You ask if we should take into account the type of effect. I think that’s all we can take in to account. Our responses to material things are in large part a result of everything that’s come before it. So, your memories, your childhood, your education, things your children have said or done…I think these things inform your encounter with a song or a painting. Because we have had completely different experiences, what we read from any given piece of art is going to be different…it almost has to be (how’s that for bringing an absolute idea in to a relative theme!).

    What do you say? What would taste like mayonnaise?

  6. So you’re saying that the only absolute is that aesthetic experiences are relative. I would agree with you to a point. Any Classical era musician (1700 – 1800 app., Era of Enlightment) would disagree. They believed that each type of music inspired different “humors” or emotions. As artists, we can predict certain general responses in the viewer/listener based on cultural cues or even common sense. This is how some works are able to transcend societal levels and even cultures. It’s like when the music changes in a scary movie. The music causes tension which intensifies the experience. Again, I say general responses. The nuances of feeling and response are completely personal. You hit the proverbial nail when you write about past experience informing your expereince, though. As artists, we dabble in that border between what we know the viewer/listener will feel or experience and the unknown nuances he brings to the party.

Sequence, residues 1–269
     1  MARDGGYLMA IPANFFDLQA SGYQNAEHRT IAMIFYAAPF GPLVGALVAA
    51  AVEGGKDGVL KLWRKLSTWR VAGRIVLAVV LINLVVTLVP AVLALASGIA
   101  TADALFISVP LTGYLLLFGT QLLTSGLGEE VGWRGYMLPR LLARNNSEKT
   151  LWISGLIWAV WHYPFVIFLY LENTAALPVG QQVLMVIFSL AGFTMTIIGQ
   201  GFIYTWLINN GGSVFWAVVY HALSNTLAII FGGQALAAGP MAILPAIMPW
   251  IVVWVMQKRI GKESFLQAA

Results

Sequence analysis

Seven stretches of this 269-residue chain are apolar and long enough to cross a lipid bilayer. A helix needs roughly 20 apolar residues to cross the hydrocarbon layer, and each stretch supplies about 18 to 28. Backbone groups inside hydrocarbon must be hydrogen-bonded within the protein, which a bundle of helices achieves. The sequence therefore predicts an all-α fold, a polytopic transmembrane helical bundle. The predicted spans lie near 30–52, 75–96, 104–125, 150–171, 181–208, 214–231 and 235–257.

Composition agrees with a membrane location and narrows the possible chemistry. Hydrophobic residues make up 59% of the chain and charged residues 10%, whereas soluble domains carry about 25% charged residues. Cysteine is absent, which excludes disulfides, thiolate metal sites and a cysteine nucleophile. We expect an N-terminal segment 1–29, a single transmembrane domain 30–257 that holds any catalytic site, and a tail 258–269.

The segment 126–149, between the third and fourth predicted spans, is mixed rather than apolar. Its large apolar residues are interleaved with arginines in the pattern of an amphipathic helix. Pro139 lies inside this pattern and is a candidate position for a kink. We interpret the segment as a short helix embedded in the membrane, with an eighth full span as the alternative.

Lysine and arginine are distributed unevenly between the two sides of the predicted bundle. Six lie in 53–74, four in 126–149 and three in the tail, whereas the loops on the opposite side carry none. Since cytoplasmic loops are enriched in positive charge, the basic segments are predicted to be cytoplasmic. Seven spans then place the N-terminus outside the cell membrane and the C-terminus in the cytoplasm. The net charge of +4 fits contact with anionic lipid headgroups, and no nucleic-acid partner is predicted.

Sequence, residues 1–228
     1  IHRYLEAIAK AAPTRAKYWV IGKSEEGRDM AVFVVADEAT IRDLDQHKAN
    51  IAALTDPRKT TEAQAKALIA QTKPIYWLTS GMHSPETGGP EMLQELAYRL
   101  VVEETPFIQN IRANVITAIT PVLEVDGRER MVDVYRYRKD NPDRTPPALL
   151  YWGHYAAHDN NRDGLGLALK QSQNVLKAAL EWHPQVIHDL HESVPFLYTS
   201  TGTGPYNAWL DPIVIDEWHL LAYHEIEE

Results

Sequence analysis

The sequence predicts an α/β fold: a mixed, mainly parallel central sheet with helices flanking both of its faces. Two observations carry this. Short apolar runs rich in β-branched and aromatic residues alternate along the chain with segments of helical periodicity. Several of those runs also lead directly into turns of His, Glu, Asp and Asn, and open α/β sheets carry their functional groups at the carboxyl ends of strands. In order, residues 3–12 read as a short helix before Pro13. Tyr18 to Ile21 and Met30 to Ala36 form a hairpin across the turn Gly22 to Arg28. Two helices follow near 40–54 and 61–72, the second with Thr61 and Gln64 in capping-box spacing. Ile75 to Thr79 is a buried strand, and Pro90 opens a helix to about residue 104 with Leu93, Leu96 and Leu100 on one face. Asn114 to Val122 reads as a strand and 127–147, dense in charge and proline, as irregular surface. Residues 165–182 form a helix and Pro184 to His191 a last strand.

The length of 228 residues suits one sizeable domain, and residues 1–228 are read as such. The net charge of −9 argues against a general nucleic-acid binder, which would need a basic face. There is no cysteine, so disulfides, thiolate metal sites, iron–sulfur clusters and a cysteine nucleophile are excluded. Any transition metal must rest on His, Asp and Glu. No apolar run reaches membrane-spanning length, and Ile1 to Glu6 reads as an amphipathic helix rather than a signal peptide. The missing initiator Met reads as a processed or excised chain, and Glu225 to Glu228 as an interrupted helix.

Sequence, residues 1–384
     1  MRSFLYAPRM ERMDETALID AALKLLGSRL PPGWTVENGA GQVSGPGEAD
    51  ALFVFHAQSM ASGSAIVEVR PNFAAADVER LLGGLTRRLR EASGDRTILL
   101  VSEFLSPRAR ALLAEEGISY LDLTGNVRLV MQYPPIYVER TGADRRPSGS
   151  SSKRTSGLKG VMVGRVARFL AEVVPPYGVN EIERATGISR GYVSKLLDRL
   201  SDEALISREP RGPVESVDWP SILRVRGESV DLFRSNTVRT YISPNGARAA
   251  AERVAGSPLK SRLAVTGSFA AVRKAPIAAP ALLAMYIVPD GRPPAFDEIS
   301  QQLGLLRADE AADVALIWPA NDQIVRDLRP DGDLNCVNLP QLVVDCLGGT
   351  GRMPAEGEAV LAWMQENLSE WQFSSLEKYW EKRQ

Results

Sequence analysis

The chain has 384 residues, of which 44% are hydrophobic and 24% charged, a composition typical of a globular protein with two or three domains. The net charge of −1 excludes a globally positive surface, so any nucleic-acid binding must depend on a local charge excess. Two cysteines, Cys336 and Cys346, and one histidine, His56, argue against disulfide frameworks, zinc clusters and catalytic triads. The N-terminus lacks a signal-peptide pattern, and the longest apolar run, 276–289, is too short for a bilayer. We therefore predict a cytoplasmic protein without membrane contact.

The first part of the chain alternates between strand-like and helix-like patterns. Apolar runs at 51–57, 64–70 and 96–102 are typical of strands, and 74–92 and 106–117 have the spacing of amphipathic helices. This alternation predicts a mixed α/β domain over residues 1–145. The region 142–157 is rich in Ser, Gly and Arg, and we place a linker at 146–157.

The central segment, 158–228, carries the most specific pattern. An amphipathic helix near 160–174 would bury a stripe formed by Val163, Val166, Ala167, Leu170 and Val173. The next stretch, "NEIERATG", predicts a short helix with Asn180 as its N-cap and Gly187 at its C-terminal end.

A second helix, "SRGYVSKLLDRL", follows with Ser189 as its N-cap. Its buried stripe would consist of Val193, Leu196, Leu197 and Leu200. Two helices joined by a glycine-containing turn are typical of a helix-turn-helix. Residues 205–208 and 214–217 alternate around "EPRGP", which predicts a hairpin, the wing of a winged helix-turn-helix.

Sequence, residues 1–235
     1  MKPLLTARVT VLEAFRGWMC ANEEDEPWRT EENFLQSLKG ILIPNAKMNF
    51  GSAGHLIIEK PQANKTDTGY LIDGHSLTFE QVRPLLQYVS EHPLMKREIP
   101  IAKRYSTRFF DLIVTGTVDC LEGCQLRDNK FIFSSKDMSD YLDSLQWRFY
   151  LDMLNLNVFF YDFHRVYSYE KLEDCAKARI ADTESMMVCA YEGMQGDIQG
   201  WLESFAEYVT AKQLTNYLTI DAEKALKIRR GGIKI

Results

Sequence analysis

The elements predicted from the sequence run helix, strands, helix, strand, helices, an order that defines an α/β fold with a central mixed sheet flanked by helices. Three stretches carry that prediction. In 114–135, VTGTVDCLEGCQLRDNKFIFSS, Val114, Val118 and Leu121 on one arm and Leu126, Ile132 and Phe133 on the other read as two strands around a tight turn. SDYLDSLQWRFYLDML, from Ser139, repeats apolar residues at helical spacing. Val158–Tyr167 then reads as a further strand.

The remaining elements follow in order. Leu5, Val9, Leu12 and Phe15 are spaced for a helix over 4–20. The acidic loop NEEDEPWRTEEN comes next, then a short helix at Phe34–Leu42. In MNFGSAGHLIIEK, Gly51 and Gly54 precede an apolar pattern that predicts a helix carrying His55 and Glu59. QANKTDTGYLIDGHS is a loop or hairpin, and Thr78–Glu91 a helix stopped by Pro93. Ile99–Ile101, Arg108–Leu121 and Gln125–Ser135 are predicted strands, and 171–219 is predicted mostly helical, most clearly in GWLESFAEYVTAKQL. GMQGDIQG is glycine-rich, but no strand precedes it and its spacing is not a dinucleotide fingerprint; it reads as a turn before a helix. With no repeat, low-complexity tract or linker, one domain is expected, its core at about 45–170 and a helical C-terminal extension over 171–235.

When Stravinsky wrote the music for the ballet, “The Rite of Spring”, I think he knew people would feel tense, musically lost, maybe even angry. He was going to primal music to depict primal emotions. He could not have predicted the audience would riot.
    Relativism is an aesthetic philosophy that emphasizes the relationship between the artist and audience. I think you, a contextualist, and I, a semi-isolationist, meet in the middle with relativism.
    Sorry to take up so much space. I don’t often get to talk aestetics with anyone. I’m a poor man’s philosopher at best.
    I think it would be Horseradish… but then what would taste like Horseradish?

  7. Tim,

    Take up all the space you like! I’m loving this discussion.

    You’re right about the general responses, and movie scores are a perfect example of this.

    Artists who practice the classical method of drawing and painting would probably disagree with me as well. In fact, I had plenty of conversations with fellow students in college about this. Not to mention with my students these days who want to know why Pollock is so famous, “My baby sister could do that, Mr. Rhea.”